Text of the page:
Opting out of the outrage machine
There’s another reason I’ve decided to dial back my Twitter use. Those of us on the left have long been concerned about how Fox News has brainwashed and indoctrinated our fellow Americans who identify as Republicans and/or conservatives (whatever that means these days). GOP politicians have won victory after victory by stoking the outrage machine, constantly throwing red meat to their base and keeping them in a state of righteous anger—a state which they clearly enjoy, prefer, and actively seek. While this produces obvious results for the party machine, progressives question how it actually ends up benefiting those voters.
I see a similar dynamic developing in left-wing circles of Twitter: endless, continual outrage at Trump and the party establishment that made a Faustian bargain with him in order to secure tax cuts for the rich and accelerate our descent into a second Gilded Age. I get the outrage, of course. But nonstop outrage has a way of messing with your psychology and your outlook on the world, and it makes you susceptible to manipulation. Now more than ever, America needs the contributions of critical thinkers from all areas of the political spectrum. That means exercising the judgment to limit our exposure to media that negatively influences the way we think and act in response to current events. Ergo opting out of Twitter.
No grand pronouncements—just an adjustment
There’s this thing that happens on Twitter when someone decides to leave. They tend to make a grand pronouncement in a tweetstorm (or series of tweets), holding something of a virtual press conference to announce in breathless terms that they’ve had enough and they’re quitting for good. They usually come back to Twitter after a certain point, get frustrated again, and the cycle repeats. I don’t see the need to do any of that. Rather than making a black and white decision and needlessly proclaiming it to everyone (really, who cares?), I’m making an adjustment based on what I think is best right now. And I may update my thinking at a later date if I see fit.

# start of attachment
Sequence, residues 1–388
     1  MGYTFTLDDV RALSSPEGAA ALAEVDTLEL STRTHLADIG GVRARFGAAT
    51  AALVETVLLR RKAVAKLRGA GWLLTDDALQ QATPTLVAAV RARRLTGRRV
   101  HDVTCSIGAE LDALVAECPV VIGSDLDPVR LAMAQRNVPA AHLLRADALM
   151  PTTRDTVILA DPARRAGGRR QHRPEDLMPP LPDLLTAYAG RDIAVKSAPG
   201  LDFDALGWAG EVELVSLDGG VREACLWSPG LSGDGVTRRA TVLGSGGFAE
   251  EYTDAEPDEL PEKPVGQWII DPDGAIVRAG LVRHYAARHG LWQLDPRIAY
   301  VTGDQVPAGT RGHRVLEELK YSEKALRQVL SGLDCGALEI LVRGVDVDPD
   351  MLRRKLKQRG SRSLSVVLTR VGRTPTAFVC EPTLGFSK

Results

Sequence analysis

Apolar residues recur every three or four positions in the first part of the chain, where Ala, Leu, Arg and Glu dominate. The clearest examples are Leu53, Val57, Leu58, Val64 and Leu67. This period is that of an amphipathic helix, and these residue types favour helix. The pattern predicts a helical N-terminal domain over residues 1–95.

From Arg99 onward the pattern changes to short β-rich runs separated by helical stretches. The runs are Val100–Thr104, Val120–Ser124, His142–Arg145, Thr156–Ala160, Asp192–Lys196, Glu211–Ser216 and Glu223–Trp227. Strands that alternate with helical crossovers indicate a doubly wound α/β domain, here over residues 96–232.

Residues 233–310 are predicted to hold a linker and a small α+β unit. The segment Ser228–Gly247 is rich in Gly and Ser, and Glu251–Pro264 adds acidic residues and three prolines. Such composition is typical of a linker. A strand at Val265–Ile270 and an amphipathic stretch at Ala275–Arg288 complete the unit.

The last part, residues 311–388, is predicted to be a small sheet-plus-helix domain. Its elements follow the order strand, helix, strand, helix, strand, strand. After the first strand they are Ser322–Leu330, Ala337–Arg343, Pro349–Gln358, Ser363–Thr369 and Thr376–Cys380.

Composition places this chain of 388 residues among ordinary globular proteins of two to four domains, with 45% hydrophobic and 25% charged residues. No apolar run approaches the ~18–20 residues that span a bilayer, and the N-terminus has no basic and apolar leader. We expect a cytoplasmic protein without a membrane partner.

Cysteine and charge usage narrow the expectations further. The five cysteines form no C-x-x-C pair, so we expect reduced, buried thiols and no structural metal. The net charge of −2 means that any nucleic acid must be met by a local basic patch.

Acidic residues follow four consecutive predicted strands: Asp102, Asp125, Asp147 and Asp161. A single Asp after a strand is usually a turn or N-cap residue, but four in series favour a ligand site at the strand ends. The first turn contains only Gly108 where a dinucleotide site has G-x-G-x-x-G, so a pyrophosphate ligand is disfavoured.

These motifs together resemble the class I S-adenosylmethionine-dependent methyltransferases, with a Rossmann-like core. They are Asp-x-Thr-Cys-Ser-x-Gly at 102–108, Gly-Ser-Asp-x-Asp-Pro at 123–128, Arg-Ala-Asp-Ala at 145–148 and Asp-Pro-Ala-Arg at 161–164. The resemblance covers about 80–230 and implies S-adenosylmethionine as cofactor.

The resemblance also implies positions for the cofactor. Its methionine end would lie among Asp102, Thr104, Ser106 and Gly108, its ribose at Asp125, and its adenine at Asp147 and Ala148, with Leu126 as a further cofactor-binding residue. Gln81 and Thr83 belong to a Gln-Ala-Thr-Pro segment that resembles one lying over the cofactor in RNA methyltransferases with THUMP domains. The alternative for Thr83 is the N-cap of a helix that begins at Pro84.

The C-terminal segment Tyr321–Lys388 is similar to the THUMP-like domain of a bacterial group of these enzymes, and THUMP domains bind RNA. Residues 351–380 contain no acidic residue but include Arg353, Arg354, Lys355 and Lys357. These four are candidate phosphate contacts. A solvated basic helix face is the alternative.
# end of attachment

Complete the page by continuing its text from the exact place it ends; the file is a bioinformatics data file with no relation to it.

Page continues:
This is an approach that’s worked well for me since I started my own business four years ago. The freedom to experiment, to fail, and learn from your experiences is incredibly valuable when you’re self-employed. It offers you the opportunity to learn without limits—that is, if you’re open to doing so. I bring this up because I see now that dialing back my Twitter use has had a very beneficial effect on the bottom line. I finish my work faster, I do a better job, and I have greater capacity to take on more assignments. The business case makes itself. And, as others have noted, why give Twitter free labor and mindspace when it clearly doesn’t give a damn about taking responsibility for the damage it has wrought on our democracy?
Remembering better days gone by
I do miss some things about Twitter: my friends there, first and foremost. Although we can still be in touch with each other, it’s not quite as immediate or as intimate. Now that baseball season’s over I don’t quite feel the pang of missing the chance to watch Red Sox games with fellow fans, but I’m sure I will come Opening Day in the spring—and who knows? Maybe I’ll carve out an exception for that.
But there’s also something ineffable, the humor and sarcasm, that I most certainly miss. Nobody’s quite as funny as some of the folks that hang out on Twitter. And they tend to be a delightfully nerdy crew, which I appreciate. But their signature snark has been crowded out by the 24/7 collective freakout that continues with no sign of abating, and that’s why I’m taking a step back for now.